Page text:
- A group of 25 grocery shoppers has lodged a federal lawsuit against Kroger and Albertsons in a bid to prevent the supermarket chains from proceeding with their planned merger.
- The suit, filed on Feb. 2 in the U.S. District Court for the Northern District of California, claims the grocery companies would raise costs and reduce choices for consumers if they are allowed to combine.
- The plaintiffs also want Albertsons to cancel the controversial $4 billion special dividend the company began preparing to distribute to shareholders in January.
The private lawsuit represents a new twist in the public fight over how Kroger’s proposed combination with Albertsons would impact the grocery landscape in the United States.
In addition to the grocery chains, the suit names as a defendant Cerberus Capital Management, a private equity firm that holds a significant stake in Albertsons.
The retailers have said they would become more efficient as a single company and bring down prices as a result, but the suit argues that the combination would result in Kroger — which would acquire Albertsons if the $24.6 billion deal receives regulatory approval — hurting shoppers instead.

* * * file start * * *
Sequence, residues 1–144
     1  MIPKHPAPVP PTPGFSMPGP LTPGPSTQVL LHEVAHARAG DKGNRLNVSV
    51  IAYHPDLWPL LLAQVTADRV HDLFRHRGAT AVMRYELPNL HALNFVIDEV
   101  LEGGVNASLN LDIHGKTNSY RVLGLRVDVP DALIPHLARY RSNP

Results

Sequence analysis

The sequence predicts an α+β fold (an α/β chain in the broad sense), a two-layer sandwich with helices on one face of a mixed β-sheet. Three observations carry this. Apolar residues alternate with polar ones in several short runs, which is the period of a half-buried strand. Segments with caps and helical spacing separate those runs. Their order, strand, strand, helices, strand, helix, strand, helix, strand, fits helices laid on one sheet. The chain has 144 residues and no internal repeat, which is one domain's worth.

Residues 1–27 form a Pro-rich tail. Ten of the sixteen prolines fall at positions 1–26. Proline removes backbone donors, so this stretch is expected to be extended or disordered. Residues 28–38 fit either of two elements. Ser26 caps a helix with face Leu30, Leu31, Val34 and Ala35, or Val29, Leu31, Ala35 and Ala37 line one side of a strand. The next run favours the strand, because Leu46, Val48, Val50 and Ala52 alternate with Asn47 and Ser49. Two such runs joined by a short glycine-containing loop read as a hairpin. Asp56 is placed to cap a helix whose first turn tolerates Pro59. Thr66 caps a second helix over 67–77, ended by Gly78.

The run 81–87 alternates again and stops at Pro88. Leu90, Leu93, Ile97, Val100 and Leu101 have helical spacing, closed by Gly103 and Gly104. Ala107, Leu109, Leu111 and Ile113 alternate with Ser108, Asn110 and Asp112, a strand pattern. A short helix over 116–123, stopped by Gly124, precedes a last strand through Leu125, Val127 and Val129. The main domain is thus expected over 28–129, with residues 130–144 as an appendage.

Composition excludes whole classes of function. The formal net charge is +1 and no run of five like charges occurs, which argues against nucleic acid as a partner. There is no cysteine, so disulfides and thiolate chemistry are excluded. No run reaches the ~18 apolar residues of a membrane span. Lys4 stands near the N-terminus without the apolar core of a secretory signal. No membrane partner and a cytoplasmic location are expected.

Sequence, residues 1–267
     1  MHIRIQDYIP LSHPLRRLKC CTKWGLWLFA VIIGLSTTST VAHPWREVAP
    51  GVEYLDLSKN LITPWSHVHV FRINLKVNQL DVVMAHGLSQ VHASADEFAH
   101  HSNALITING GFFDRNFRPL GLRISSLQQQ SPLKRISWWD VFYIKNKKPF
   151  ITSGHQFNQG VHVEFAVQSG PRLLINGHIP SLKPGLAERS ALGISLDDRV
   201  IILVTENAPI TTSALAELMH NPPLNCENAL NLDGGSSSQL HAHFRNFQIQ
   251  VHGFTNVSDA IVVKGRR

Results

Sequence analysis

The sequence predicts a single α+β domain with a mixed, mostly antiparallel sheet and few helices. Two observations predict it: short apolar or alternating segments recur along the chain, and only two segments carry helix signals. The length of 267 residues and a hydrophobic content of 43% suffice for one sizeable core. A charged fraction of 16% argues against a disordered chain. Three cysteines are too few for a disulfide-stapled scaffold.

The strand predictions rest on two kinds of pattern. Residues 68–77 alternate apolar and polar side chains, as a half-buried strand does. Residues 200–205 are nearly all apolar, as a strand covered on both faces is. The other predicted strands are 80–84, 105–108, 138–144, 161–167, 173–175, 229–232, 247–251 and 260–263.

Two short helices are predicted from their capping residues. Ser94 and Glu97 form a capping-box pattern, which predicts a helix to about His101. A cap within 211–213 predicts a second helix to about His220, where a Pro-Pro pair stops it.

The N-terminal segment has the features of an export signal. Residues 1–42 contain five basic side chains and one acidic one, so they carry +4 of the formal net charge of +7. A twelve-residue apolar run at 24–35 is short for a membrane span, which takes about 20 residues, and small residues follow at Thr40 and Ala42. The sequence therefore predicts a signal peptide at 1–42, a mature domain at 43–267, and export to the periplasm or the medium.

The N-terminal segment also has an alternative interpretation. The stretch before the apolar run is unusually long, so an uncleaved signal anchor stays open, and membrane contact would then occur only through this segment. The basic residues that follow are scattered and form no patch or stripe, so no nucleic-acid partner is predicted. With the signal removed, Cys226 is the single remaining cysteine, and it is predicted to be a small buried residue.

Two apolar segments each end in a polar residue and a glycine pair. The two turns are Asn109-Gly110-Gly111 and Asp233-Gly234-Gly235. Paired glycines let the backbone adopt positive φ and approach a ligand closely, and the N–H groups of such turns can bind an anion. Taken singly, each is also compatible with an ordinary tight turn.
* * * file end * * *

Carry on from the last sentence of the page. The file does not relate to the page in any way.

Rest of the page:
“Ultimately, Kroger’s proposed elimination of its rival competitor Albertsons may, and probably will, result in significant and irreparable harm and inconvenience to consumers, including the Plaintiffs, by propelling grocery prices higher, reducing consumer choices due to overlap in geographic areas and decreasing food quality,” according to the suit.
The suit also claims the merger would result in job losses that would, in turn, negatively affect grocery shoppers.
“As is customary in these acquisitions, the first casualties of the removal of competition will be the firing of employees who were only needed when competition existed,” the suit said. “Staffing will decrease, leading to worse service for consumers and worse conditions for workers. Prices will go up, and promotions will decrease, and that translates directly into the quantity and quality of food that families can put on their tables.”
In addition, the suit makes the case that the special dividend Albertsons announced at the time the grocers revealed their intent to merge last October represents an effort to weaken Kroger’s merger partner ahead of the deal — mirroring claims by several state attorneys general who took legal action in an effort to block the payment to shareholders.
According to the complaint, the dividend amounts to a “conspiracy in restraint of trade” intended to “falsely create the supposed defense that Albertsons is a failing company by sucking the lifeblood from a viable company.”
Neither Kroger nor Albertsons responded to a request for comment before this story was published.
The attorneys who filed the suit on behalf of the shoppers include Joseph Alioto, a prominent lawyer who has had extensive involvement in antitrust cases over the past several decades. Those cases include a 1975 complaint against Safeway that resulted in the grocer being held liable for controlling beef prices.
In December, Alioto filed a lawsuit in an effort to prevent Microsoft from acquiring Activision Blizzard, claiming that the deal would reduce competition in the video game industry to the detriment of consumers.